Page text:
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Shaping Carbon Fiber Boards for the World’s Top Surfers

Inside Dark Arts, the Barrio Logan shop using groundbreaking technology to revolutionize surfboard design
Dark Arts and JT Surfboards shaper Justin Ternes known for his high performance carbon fiber surfboards built in San Diego
Photo Credit: Mateo Hoke

“I never thought we’d go from my little shop outside our house to winning a world title that fast,” surfboard shaper Justin Ternes says.

We’re in a styrofoam-dust-covered shop in Barrio Logan, where Ternes and his team produce about 1,200 of the highest-performance surfboards on the market each year under the label Dark Arts. Founded in 2019, Dark Arts uses a groundbreaking mix of craft and technology. The company’s carbon fiber boards are now under some of the best surfers in the world, including Kelly Slater, John John Florence, and Mason Ho. And it all started in Ternes’ backyard.

Inside the glassing room at Dark Arts' surfboard factory in Barrio Logan, San Diego
Photo Credit: Mateo Hoke
Colorful resin stalagtites from thousands of Dark Arts boards litter the glassing room in the company’s Barrio Logan facility.

“I found my spark and wanted to create a lane,” Ternes says. “That was my thing. I want to do something difficult and do it well. Carbon fiber really has its advantages, as far as performance and weight to strength goes. I realized that nobody [in the shaping industry] had done it well.”

But it wasn’t a straight line to get here. After stints with San Diego shaper Dan Mann at Northwind Glassing and then at Firewire, a massive global epoxy-based board company, Ternes stepped away from shaping.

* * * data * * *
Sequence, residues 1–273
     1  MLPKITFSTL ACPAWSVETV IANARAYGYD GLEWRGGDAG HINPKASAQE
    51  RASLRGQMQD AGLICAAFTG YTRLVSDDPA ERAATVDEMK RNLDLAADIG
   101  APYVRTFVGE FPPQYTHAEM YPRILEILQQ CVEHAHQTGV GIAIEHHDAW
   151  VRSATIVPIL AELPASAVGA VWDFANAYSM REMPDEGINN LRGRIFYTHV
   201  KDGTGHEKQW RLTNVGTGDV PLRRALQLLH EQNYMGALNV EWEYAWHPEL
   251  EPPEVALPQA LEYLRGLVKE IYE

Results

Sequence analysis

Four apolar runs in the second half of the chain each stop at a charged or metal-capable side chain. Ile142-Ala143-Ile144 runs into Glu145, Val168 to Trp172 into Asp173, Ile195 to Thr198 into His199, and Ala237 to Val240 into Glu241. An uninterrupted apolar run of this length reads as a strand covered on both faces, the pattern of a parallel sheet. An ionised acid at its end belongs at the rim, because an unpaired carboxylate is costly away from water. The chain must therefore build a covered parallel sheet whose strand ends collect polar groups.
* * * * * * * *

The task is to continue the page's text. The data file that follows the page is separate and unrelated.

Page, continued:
Dark Arts Surfboards founder Justin Ternes holding a carbon fiber surfboard inside his Barrio Logan factory in San Diego
Photo Credit: Mateo Hoke
Ternes shows off a board designed with carbon kevlar composite, the same material used in modern bulletproof vests.

“I took a break for probably three years. I didn’t really want to touch surfboards or make them,” he says.

It was his wife, Monica Hoover—a gallery owner and longtime surf photographer—who gave him the push he needed to get back to his passion. Two metal shipping containers outside their home in Jamul became the birthplace of Dark Arts. Ternes spent years fine-tuning his construction until he cracked the code, while Monica developed the company’s branding, with her old friend, artist Shepard Fairey, providing the logo.

A Dark Arts surfboards employee putting epoxy coating on a carbon fiber surfboard
Photo Credit: Mateo Hoke
Applying a layer of epoxy resin.

Ternes developed a way to overlay and vacuum a carbon fiber weave onto a shaped board. The result is a construction five times more durable than traditional polyurethane boards.

Ternes’ innovation quickly caught the attention of the world’s top surfboard shapers, including Jon Pyzel and Rusty Preisendorfer, who sought partnerships to develop carbon fiber versions of their most popular models.

Interior of the Dark Arts surfboards Barrio Logan factory featuring a row of black surfboards
Photo Credit: Mateo Hoke

Shaping boards, just like riding them, requires putting in the time, waiting your turn, and appeasing the old guard that runs the industry. “Surfing is a weird culture,” Ternes says. “You have to tread lightly. Even though you can make a product that’s really good, they’ll still try to shoot you down. If the legendary shapers back you, then that barrier of entry is a little easier.” It seems that Dark Arts has earned its place. After all, the current number-one surfer on the planet, Filipe Toledo, rode a Dark Arts board to his first World Surf League title at Trestles only three years after the company’s inception. That fast, indeed.

By Cole Novak

With a background crafting digital strategies and storytelling for brands, Cole loves reporting on local figures, businesses and nonprofits. A lifelong San Diegan, Cole is passionate about photography, surfing, music, cooking, the local art scene, and the great outdoors.

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